On Other

Activity Daily Weekly Monthly Seasonally Annually Request (specify) Notes

General examination ! ! ! ! ! ! __________ __________

Trimming trees/brush ! ! ! ! ! ! __________ __________

Repairing control gates/

park benches/other installations ! ! ! ! ! ! __________ __________

Shoulder repairs ! ! ! ! ! ! __________ __________

Bridge repairs ! ! ! ! ! ! __________ __________

Asphalt repairs ! ! ! ! ! ! __________ __________

Mowing areas adjacent to Trail ! ! ! ! ! ! __________ __________

Blowing leaves off the Trail ! ! ! ! ! ! __________ __________

Maintaining parking areas ! ! ! ! ! ! __________ __________

Maintaining signs ! ! ! ! ! ! __________ __________

Occasional drainage work ! ! ! ! ! ! __________ __________


A full-sized survey form draft will be distributed at the June meeting.


Attracting New Participants to the Task Force


Steve reported on the CDTC review of its master mailing list, noting that the major finding was not so much that there were particular individuals whose participation should be solicited, but rather that there were several types of professions or affiliations which would be helpful to have involved in the Task Force's work, such as the following:


Advocates for the disabled Law enforcement/public safety

Chambers of commerce Neighborhood associations

Colleges and universities Pedestrian advocates

Elected officials Planning board members

Environmental advocates Real estate developers/office park operators

Highway superintendents/public works School officials

commissioners Senior citizens' groups


Covering a couple of these possibilities, it was suggested that the Schenectady Police Department's bike patrols might be a good source of a public safety representative, in addition to addressing the lack of any other Schenectady County-based participants, and that a retired NYSDOT Main Office employee known to "ride everywhere" would be a possible advocate representative. Subsequent to the meeting, Don Robertson took the representation issue up with Jim Ercolano of NYSDOT's statewide bike/ped program office, and forwarded to CDTC an e-mail from Jim with the names of a few additional prospects.


This said, perhaps it would be desirable for the people on the mailing list to review the above list of "person types" with an eye toward identifying people they know who might be willing to represent these perspectives on the Task Force.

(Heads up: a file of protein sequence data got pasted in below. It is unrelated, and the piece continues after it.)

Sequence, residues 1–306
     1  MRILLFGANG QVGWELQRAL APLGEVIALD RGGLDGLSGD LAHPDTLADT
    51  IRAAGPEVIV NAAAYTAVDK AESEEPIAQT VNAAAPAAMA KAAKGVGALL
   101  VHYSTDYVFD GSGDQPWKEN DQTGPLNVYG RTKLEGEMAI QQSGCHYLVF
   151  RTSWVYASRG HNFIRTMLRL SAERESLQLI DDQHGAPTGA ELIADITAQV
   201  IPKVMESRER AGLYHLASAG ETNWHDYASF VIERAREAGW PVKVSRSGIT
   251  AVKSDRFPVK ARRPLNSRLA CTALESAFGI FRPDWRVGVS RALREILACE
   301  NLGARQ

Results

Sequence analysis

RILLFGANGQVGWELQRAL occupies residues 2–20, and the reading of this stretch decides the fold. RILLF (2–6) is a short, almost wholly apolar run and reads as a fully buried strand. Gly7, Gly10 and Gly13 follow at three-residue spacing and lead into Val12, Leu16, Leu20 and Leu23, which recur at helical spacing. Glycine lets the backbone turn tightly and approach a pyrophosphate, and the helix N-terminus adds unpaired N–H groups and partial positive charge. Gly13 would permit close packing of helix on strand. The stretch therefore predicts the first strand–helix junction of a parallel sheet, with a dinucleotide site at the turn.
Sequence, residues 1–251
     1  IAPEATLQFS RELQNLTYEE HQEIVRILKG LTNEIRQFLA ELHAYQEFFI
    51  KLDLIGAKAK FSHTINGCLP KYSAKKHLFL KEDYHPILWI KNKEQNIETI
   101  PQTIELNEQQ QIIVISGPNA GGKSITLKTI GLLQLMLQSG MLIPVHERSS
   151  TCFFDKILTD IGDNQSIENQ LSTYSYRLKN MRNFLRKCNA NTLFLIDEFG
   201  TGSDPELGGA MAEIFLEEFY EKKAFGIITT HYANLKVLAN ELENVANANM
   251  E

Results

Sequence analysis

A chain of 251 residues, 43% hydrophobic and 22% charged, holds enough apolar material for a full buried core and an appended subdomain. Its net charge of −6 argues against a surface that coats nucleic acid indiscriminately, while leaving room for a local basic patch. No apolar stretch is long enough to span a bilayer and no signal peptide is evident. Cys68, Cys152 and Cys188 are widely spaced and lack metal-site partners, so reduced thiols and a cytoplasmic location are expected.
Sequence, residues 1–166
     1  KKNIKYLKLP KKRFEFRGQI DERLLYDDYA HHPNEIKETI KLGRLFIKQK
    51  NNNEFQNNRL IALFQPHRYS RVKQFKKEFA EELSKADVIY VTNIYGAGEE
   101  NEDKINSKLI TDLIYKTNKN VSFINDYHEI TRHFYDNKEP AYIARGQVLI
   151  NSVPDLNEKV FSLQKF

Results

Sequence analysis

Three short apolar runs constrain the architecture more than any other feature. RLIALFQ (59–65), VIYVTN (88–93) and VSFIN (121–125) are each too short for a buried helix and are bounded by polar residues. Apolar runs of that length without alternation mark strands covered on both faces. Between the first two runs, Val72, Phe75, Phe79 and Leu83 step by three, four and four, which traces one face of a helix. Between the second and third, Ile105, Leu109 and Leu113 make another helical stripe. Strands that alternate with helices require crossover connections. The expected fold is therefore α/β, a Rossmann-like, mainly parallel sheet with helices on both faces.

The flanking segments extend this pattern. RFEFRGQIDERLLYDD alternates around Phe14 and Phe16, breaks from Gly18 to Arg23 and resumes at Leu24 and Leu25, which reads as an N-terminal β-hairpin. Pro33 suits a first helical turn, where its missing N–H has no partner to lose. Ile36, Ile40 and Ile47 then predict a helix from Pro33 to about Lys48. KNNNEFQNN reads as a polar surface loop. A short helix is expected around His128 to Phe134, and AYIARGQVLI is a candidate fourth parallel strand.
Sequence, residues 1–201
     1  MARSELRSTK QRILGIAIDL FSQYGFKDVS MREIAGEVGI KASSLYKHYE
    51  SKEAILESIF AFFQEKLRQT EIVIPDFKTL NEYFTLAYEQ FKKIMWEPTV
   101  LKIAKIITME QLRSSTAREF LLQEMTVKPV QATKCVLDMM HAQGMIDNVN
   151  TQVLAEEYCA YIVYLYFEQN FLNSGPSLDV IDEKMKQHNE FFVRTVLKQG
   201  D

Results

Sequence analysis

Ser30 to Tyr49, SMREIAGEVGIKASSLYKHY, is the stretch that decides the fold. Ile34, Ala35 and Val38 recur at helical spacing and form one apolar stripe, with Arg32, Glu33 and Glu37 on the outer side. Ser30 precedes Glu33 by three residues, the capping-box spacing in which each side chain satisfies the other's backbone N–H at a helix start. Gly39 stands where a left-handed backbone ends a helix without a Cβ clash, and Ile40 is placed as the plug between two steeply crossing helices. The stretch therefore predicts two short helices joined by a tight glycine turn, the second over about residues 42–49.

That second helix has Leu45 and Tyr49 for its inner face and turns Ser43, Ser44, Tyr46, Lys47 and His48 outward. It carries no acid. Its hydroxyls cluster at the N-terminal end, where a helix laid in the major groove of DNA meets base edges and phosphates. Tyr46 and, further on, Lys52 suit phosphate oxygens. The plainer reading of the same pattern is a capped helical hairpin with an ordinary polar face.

TEA-21 Transportation Enhancements Program


Steve distributed the CDTC staff-developed basis for evaluating Transportation Enhancements Program (TEP) proposals. He noted that while this basis still needed to be formally approved by the Planning Committee at its May 5 meeting, that group was comfortable with the basic approach set forth in the handout; in the interest of accountability, they wanted to see some clarification of how, for example, a proposal might get ten points for "size of matching share" as opposed to five, or two, or none.


Based on the number of inquiries, concept discussions and other contacts CDTC has had regarding the TEP to date, it would be very surprising if less than 15-20 proposals end up being submitted in the CDTC region; in fact, there does exist some possibility that there will be far more than 20.


The evaluation basis was approved by the Planning Committee on May 5, and has since been shared with NYSDOT and the other New York State Metropolitan Planning Organizations; early indications are that CDTC's basis could end up being a model for statewide application.


Capital District ITS Deployment Program Proposal


This proposal was briefly discussed to give the Task Force a "heads up" on a pursuit in another programmatic area with potential bike/ped implications. (Intelligent Transportation Systems, or ITS, is in a nutshell the systemic application of technology and human resources to transportation system management.) In a joint effort, NYSDOT Region 1, CDTA and CDTC prepared an application to USDOT's ITS Deployment Program for a project which would integrate several existing and planned ITS installations so as to create a whole whose benefit which is more than that of the sum of its parts.